Extending maternity rights?

The European Parliament has recently voted in favour of certain changes to the EU Pregnant Workers Directive. The European Commission had proposed an increase in the minimum period of maternity leave from 14 to 18 weeks at full pay, giving Member States the option to cap pay at the level of sick pay. However, the European Parliament wants to extend these proposals to include, broadly, a change to 20 weeks' maternity leave at full pay and a right to take prescribed time off for breast-feeding.

The UK already has a more generous right in relation to the maximum amount of maternity leave that can be taken by an employee, but the potential change to an initial maternity leave period at full pay is a new and potentially costly change for UK employers.

Other proposals voted on favourably by the European Parliament include:

  • A prohibition on workers being obliged to perform night work or overtime during the 10 weeks before birth, during the remainder of pregnancy if the mother or unborn child have health problems or during the entire breastfeeding period; and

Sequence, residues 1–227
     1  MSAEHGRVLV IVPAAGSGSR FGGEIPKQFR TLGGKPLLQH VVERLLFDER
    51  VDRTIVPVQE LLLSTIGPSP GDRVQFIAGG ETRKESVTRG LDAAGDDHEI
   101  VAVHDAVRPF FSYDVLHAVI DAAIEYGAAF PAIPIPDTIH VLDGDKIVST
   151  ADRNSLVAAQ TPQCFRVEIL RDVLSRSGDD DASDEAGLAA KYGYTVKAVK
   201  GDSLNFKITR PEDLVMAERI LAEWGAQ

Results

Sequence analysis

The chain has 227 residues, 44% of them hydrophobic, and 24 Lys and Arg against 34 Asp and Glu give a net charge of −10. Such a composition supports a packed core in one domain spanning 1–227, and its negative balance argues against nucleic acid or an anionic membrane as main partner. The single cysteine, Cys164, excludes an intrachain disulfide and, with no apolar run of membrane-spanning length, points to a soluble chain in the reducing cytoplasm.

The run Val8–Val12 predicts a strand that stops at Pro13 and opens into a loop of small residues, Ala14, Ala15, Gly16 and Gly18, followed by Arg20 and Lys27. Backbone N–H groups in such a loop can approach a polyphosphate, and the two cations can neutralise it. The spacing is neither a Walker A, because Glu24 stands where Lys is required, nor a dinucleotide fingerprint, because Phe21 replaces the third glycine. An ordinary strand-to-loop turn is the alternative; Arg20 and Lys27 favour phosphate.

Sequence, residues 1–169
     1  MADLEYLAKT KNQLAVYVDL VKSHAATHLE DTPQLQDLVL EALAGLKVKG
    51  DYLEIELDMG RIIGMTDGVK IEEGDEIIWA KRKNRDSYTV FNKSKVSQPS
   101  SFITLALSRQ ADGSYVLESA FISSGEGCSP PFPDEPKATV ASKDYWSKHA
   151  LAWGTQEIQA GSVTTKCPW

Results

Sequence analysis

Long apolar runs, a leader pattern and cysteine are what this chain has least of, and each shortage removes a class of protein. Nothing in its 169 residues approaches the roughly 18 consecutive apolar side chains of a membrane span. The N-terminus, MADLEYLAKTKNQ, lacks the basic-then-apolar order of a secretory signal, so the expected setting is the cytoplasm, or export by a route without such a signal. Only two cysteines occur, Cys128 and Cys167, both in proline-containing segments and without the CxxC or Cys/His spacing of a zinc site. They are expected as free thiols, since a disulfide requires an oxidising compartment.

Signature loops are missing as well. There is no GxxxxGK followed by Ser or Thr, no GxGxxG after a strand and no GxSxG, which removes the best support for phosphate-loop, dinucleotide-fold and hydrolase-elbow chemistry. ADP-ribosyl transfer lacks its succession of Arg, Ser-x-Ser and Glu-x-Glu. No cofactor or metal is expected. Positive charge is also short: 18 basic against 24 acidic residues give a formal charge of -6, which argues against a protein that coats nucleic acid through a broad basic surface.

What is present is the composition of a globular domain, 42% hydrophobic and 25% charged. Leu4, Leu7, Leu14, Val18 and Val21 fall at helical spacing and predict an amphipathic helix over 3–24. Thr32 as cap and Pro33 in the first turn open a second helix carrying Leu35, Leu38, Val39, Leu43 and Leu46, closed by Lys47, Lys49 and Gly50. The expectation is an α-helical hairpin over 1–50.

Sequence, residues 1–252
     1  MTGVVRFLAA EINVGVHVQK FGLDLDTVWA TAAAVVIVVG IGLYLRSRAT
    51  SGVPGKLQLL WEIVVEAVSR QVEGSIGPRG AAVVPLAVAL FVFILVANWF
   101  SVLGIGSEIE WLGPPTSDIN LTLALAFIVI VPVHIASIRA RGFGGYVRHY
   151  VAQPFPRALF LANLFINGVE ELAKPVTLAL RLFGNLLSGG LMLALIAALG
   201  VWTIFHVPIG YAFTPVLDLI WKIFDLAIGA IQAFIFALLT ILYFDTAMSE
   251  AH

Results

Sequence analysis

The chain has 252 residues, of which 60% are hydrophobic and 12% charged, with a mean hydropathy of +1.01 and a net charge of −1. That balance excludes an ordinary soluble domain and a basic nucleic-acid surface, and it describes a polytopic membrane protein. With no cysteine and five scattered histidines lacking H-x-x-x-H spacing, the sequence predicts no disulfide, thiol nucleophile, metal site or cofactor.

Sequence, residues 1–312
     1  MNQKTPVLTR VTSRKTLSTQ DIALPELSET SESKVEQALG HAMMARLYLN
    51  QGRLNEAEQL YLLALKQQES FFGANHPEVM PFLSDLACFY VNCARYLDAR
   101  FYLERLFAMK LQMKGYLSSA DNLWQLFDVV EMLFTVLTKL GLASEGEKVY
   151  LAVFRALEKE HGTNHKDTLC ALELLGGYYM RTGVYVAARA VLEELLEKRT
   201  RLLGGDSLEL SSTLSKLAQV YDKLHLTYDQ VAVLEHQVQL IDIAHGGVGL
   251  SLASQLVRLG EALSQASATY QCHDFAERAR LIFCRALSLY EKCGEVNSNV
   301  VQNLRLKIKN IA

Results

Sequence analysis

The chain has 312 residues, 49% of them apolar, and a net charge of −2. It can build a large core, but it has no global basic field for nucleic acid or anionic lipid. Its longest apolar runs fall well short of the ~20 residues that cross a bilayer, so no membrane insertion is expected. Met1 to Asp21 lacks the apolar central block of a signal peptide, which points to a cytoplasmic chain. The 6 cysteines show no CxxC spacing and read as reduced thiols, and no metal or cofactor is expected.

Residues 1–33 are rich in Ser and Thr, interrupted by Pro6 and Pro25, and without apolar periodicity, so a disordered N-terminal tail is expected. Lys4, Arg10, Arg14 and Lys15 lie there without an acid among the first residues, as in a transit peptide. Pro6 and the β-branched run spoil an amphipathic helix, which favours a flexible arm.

• A compulsory maternity leave ("CML") period of at least six weeks after childbirth.

The latter of these proposals may impact upon the amount of an employee's performance related bonus during maternity leave. At present in the UK, employers can reduce a performance related bonus pro rata by any time spent on maternity leave, although time spent on the current two week CML period cannot be included for these purposes. If the CML period is increased to six weeks, performance related bonuses paid during maternity leave will be higher.